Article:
With Antonio Caldara’s 'Morte e sepoltura di Christo', released on Glossa just after a new album devoted to Vivaldi’s late violin concertos, Fabio Biondi returns to the Italian oratorio, another of his specialities. The Venetians Caldara and Vivaldi may have been contemporaries but their career paths led them in different directions, and Caldara was to spend much time working in Mantua and Rome before securing the position of vice-Kapellmeister for the Holy Roman Emperor Charles VI in Vienna.
Fabio Biondi (born March 15, 1961) is an Italian violinist and conductor.
Born in Palermo, Sicily, Biondi began his international career at the age of 12 playing a concerto with the RAI Symphony Orchestra. When he was 16, he performed Bach's violin concertos at the Musikverein in Vienna. Since then, he has performed with a number of baroque ensembles including La Capella Reial, Musica Antiqua Wien, Seminario Musicale, La Chapelle Royale and Les Musiciens du Louvre. In 1989 Biondi founded Europa Galante, an Italian ensemble specializing in baroque music, that he directs.
One tends to associate the virtuoso violin repertoire with the 19th century, but in their own way these five sonatas, written between 1714 and 1743, offer an equally dazzling display of speed, facility, bow control and tonal variety. No wonder: the composers were among the foremost violin virtuosos of their time, as well as tireless innovators of technique and style; several even wrote treatises on violin playing. The earliest, and least familiar, is Michele Mascitti, a Neapolitan who moved to Paris when he was 30… –Edith Eisler
Seventeenth-century Italy saw the rise to prominence of the violin and the emergence of a music literature specifically designed both to exploit and extend its characteristic to the utmost. All the composers represented here distinguished themselves for the breathtaking virtuosity, the inventiveness and sometimes also the delightful eccentricity they displayed in their strikingly original works.
Olga Tverskaya's fortepiano is a gorgeous instrument, with a rich, wooly bass, a velvety middle, and a ringing top. Fabio Biondi plays with romantic sensibility, fabulous technique, and, in the big Sonata in A major, depth and drama. This music can sound sticky sweet; here it's full of life and dynamism, with flowing lyricism that's irresistible.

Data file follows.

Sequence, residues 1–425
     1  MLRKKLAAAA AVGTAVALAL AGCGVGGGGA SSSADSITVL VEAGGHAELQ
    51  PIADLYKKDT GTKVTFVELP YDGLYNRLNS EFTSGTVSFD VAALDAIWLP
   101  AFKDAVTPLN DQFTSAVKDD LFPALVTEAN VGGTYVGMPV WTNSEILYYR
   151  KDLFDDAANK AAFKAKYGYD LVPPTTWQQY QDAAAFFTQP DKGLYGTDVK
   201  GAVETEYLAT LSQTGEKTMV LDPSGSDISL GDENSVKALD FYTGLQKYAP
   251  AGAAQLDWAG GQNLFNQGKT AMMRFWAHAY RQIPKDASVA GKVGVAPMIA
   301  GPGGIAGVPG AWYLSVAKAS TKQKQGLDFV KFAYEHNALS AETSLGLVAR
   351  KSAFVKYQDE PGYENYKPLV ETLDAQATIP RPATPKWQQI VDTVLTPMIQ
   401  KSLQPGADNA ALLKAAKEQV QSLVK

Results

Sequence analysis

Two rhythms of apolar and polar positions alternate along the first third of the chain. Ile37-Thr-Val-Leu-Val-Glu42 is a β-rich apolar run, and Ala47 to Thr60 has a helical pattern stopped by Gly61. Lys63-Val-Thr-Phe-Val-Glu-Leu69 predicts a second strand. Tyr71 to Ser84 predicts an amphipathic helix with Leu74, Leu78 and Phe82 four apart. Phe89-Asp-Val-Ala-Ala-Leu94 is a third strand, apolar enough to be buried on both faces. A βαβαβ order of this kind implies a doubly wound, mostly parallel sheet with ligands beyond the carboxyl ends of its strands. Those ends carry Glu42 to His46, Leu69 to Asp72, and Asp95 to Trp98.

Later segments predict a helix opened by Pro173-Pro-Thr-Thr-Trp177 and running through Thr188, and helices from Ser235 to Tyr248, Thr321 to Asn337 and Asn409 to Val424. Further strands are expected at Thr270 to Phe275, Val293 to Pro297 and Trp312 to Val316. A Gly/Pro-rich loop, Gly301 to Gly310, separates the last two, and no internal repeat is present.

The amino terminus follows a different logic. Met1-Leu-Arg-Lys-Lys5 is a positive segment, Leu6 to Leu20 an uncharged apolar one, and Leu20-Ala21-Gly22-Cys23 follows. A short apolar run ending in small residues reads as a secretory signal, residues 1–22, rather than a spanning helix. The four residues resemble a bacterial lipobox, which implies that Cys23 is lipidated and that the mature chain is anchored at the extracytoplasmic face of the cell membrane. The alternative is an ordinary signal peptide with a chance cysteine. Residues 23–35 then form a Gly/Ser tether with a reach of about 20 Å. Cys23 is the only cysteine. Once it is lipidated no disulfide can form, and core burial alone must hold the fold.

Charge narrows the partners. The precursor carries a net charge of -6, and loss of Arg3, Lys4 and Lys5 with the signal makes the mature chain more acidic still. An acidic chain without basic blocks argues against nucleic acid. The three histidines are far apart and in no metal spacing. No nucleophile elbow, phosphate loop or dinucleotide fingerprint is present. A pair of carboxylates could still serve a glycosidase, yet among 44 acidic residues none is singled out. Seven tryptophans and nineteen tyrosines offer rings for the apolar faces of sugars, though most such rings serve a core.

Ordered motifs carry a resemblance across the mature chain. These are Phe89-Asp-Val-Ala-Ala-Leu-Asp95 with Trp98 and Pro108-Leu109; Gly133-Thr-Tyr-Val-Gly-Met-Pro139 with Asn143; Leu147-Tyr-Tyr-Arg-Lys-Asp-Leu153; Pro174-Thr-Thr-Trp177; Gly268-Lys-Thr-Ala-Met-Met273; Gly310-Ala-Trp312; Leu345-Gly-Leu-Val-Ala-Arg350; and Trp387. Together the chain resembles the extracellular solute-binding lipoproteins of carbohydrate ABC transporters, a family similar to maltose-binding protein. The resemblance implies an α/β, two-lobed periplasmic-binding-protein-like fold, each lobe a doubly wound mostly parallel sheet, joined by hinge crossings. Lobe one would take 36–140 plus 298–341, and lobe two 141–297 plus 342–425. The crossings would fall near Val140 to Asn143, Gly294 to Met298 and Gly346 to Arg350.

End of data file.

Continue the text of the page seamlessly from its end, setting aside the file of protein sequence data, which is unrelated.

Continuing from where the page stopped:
Jephtha (1752) was George Frederick Handel's final oratorio, and it was composed during a period of incipient blindness and declining health. Yet the composer's artistic powers were undiminished in this dramatization of the Biblical story, for the arias and choruses are as memorable as any from Handel's earlier works in the genre, including Messiah and Israel in Egypt.
The revival of the viola d'amore as an instrument distinct and separate from the viola is a well-established phenomenon, advanced by composers and performers alike at least since the 1920s. That doesn't mean, however, that there are a great many players of the viola d'amore around, nor are there nearly as many viola d'amores in existence to play, at least in a quantity relative to the number of violas that are out there.
There is no complete surviving score for Vivaldi's Ercole su'l Termodonte, but there is enough existing material that modern scholars have been able to reconstruct it primarily by making new settings of the lost recitatives. The first production of the opera since Vivaldi's time was at Spoleto in 2006 in a version by Alessandro Ciccolini, which was released as a DVD. Conductor Fabio Biondi made a version introduced in Venice in 2007, which is recorded on this 2010 Virgin CD. Biondi's recording has the advantage of two international superstars in the leading roles, tenor Rolando Villazón and mezzo-soprano Joyce DiDonato, and soprano Diana Damrau is nearly in their league. Villazón's earthy voice is usually associated with 19th century and verismo Italian repertoire, but he has an acute sensitivity to Baroque vocal style, and his robust, almost baritonal tenor is entirely appropriate for a larger-than-life character like Hercules. DiDonato excels as Hippolyta, Queen of the Amazons, singing with her characteristic brilliance and warm humanity.